The Braves catcher has been placed on the disabled list with a back injury. The team has diagnosed the injury as a bulging disc in the thoracic region of his spine.
The spine itself is comprised of 33 vertebrae and divided into five segments. The cervical region is the first seven vertebrae and makes up the neck. The next 12 vertebrae are included in the thoracic region and articulate with the rib cage. The lower and larger five vertebrae comprise the lumbar region followed by the fused bones of the sacrum and coccyx. The vertebrae of the cervical, thoracic, and lumbar area form the articulating spine. These bones are specifically designed to allow for movement and are each separated by an intravertebral disc.
The discs are comprised of fibrocartilage, a specialized form of cartilage that allows for both stability and flexibility. The intravertebral discs also serve as the primary shock absorbers of the spine. However sometimes excessive strain or stress forces the discs out of position and they are classified as bulging or herniated. The associated symptoms depend on the degree of the bulge. In severe cases, disc material will actually begin to pinch and impede on the neighboring nerves.
The location of the bulge is worrisome. Lumbar disc injuries are more common as this area bears a higher degree of weight but thoracic injuries can be more problematic. The available space in the area is very limited and even the slightest bulge can put pressure on the spinal canal and spinal cord. If nerve tissue becomes an involved, Gattis will not only be in discomfort but could see a loss of strength or even function. Nerve tissue also requires a considerably longer amount of time to heal. To further complicate matters, the thoracic region does not flex much and is more involved in rotational movements. It's hard to imagine a hard-hitting catcher unable to perform tasks like throwing or swinging a bat.
The severity of Gattis' injury has not been publically revealed but the Braves have stated he will receive an epidural to treat the inflammation in the area. If the inflammation will subside, Gattis may be relived of the accompanying back spasms he has been experiencing. However if the outer layers of the disc are significantly damaged, surgery could be an option and an extensive time off would be necessary. Fantasy owners invested in Gattis have to hope the epidural, a specific rehab protocol, and extended rest help resolve the problem or face the possibility of a truncated season.
The Astros second baseman reported swelling in his elbow after being struck by a pitch during Monday's loss to the Mariners. Altuve downplayed the incident and said he plans to be in the lineup on Tuesday. Excessive swelling can be linked to multiple injuries including a simple soft tissue contusion. However keep an eye on the situation to see if the bursa sac in the elbow was involved. Bursa are fluid-filled sacs located throughout the body that serve to reduce friction in joints, particularly between bone and muscle. Following a direct blow the bursa in the elbow will often swell considerably. However the associated inflammation often subsides rather quickly and wouldn't require a lengthy absence.
The face of the Mets franchise has not played in four straight outings after suffering what is being called a bruised left rotator cuff. The rotator cuff is actually a group of four muscles that surround the shoulder blade and the head of humerus. As their name suggests these muscles are responsible for rotating the shoulder in multiple directions. The associated inflammation is being treated with medication and the Mets don't feel a trip to the DL will be warranted. However the tendons of the rotator cuff are situated in a very small space and inflammation of the area can result in other shoulder issues, including impingement or even a true tear. A MRI revealed there is currently no structural damage in Wright's shoulder but the Mets would be wise to proceed with caution.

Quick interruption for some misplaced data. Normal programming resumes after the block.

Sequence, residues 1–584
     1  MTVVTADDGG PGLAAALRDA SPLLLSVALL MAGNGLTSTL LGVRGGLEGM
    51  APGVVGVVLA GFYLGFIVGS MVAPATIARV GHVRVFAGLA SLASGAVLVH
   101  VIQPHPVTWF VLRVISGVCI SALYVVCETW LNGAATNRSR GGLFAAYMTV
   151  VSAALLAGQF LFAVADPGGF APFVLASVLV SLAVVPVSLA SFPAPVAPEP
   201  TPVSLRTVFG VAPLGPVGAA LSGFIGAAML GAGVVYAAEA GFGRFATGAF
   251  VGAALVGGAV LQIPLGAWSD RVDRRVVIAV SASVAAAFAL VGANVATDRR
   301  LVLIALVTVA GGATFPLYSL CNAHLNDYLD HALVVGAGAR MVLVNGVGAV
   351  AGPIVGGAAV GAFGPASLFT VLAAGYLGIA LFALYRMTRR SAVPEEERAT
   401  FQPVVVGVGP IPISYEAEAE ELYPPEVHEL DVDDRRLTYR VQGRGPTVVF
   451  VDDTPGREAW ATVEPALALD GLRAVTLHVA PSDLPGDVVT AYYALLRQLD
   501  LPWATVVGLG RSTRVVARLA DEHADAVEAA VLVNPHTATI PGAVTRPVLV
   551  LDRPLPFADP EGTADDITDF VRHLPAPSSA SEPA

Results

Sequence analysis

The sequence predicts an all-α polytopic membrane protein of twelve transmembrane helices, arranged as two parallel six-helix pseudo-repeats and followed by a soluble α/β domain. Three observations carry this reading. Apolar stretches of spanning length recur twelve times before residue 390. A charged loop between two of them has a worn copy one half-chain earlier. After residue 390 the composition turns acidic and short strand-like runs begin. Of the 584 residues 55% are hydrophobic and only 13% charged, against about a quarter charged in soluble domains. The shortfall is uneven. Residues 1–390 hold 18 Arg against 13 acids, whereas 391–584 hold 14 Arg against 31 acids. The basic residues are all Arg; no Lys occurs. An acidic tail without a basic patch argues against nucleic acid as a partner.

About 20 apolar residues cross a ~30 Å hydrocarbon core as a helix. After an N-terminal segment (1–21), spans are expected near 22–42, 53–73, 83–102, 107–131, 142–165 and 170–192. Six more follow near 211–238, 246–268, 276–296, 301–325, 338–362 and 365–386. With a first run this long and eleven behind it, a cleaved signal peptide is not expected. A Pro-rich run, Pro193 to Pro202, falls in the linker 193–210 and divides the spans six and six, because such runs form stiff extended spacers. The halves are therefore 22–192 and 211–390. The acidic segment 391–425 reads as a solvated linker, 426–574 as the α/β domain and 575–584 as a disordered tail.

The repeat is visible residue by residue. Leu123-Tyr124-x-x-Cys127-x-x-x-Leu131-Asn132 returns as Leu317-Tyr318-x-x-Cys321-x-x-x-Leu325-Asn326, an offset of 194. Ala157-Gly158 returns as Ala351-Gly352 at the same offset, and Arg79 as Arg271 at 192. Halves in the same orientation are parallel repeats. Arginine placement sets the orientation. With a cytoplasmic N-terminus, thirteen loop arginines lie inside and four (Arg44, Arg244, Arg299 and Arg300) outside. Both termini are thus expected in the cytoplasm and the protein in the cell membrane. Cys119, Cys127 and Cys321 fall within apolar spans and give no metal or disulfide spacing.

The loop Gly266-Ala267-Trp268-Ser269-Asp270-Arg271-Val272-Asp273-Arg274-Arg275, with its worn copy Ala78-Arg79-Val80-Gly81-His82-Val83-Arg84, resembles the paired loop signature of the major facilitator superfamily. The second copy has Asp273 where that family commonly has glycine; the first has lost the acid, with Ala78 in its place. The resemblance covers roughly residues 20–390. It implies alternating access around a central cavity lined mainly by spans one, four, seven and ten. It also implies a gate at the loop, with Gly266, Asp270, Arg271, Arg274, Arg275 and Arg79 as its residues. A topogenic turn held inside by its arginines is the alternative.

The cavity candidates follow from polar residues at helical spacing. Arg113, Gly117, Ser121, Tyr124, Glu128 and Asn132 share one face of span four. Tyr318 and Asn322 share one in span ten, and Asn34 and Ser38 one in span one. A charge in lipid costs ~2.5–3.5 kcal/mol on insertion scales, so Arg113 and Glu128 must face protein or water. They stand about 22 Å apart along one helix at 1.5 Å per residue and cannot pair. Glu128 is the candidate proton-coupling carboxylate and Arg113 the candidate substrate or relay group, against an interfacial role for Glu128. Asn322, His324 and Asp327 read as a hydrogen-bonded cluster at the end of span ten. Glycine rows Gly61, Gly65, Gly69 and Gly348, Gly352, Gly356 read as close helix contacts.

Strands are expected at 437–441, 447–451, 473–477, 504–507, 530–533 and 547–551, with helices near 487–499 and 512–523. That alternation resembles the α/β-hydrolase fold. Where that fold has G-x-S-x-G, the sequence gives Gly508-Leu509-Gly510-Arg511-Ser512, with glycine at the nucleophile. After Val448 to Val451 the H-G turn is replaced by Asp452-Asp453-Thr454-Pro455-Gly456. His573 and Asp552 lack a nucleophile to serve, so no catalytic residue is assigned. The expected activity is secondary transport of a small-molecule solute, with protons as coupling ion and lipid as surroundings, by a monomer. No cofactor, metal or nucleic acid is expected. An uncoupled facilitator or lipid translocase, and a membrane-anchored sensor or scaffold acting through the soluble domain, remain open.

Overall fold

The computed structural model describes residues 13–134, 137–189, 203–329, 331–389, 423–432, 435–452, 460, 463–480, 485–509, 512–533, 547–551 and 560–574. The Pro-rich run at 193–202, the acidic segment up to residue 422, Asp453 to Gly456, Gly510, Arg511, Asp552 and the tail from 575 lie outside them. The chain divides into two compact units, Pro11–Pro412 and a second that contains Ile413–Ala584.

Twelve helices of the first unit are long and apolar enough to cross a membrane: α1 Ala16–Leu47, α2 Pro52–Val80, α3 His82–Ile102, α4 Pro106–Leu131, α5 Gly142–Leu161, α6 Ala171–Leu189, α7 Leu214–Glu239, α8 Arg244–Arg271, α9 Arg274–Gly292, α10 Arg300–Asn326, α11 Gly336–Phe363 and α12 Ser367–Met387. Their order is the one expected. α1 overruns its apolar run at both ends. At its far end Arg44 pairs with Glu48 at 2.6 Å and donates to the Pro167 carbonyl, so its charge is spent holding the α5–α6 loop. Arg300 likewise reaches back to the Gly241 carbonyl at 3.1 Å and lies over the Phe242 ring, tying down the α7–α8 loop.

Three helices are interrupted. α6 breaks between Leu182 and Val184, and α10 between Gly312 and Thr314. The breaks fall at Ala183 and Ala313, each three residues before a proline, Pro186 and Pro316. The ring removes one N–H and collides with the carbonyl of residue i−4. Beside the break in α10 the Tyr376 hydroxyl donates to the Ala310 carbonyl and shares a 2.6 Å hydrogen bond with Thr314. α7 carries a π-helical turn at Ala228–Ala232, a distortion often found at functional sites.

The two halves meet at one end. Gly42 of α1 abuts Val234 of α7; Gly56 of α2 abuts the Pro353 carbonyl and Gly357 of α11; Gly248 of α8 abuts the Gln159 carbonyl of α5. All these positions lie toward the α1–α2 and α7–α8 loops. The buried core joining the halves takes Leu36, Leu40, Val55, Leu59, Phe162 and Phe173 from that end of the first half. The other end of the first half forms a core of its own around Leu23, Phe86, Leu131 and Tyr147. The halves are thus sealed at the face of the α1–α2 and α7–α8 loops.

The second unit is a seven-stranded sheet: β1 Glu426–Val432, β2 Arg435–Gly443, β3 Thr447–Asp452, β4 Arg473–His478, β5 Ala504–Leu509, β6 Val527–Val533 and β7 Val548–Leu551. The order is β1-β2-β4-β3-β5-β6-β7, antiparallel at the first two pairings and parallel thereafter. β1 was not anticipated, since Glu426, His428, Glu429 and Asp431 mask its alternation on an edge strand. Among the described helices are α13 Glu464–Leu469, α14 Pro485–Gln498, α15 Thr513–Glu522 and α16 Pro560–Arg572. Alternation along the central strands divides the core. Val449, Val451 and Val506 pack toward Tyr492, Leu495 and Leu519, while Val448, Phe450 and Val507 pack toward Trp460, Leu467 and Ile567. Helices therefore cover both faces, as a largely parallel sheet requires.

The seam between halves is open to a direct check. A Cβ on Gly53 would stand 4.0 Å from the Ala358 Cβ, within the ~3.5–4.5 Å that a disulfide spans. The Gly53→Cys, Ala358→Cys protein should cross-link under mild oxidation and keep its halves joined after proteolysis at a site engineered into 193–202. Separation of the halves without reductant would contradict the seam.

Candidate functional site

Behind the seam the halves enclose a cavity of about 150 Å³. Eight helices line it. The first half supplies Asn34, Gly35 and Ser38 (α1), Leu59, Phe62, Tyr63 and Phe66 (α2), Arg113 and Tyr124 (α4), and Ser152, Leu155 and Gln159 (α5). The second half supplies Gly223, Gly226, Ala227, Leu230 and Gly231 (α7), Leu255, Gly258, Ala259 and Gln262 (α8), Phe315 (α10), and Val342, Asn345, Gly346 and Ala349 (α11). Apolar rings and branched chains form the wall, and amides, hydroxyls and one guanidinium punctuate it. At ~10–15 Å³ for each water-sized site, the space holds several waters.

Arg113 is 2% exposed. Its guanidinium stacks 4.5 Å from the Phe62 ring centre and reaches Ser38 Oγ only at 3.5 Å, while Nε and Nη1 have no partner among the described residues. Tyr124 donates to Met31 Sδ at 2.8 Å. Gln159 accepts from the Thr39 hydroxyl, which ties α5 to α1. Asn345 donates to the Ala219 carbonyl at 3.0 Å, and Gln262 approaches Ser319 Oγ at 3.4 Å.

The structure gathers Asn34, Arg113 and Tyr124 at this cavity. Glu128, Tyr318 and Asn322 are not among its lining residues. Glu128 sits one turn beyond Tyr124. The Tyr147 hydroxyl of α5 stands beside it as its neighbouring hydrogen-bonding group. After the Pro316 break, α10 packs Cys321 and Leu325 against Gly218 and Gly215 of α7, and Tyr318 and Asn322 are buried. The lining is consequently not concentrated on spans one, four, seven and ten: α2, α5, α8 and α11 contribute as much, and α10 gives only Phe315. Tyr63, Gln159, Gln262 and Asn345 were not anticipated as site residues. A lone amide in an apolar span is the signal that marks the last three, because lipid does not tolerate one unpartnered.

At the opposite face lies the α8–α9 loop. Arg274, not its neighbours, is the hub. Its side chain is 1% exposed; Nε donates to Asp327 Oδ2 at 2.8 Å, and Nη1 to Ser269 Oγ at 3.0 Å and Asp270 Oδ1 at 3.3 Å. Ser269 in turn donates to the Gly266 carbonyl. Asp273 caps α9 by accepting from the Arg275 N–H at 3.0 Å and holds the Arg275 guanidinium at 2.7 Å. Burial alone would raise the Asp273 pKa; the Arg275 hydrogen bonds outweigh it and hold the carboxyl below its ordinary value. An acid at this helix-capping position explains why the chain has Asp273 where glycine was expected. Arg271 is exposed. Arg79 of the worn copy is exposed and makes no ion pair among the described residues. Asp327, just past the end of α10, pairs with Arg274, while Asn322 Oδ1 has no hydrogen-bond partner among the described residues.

Jose Bautista: The Blue Jays hope plan on having Bautista back in the lineup on Tuesday after he sat for six games and was regulated to a pinch-hitting role in another. Bautista suffered a mild hamstring strain and will be eased back into things, staying off the field and restricted to the DH spot initially. However all signs point to this being a minor setback on what has so far been an impressive season.
Carlos Gonzalez: CarGo has begun hitting from a tee, a good indicator he is making progress in his rehab following surgery to remove a benign cyst from his finger. Barring any setback, the Rockies could welcome him back into the fold in before the All-Star break.
Bryce Harper: The Nationals outfielder made his return to the diamond on Monday, finishing 1-for-3 with a RBI. Harper missed nearly two months recovering from a torn ligament in his thumb. Plug him back into your lineups and hope the power numbers bounce back as his grip improves.
Josh Reddick: Reddick is back on the DL with a right knee ailment. The Oakland outfielder initially suffered the injury after hyperextending the joint on May 31. The injury is now being described as a strain, though it is unclear if it's a new injury or simply an aggravation of the previous one. The term hyperextension isn't actually an injury but instead a description of what occurred at the joint. A hyperextension can result in a strain and it seems likely that was the case with Reddick. The A's will limit his activity for at least five days and should get a better idea of how long he will be out after they review his MRI.
CC Sabathia: The former Cy Young Winner is slated to make a rehab start Thursday for Double-A Trenton. Sabathia has made steady progress through rehab after undergoing a stem cell treatment on an inflamed knee. Though the number of starts he will make on the assignment remains unknown, Sabathia appears on track for a July return.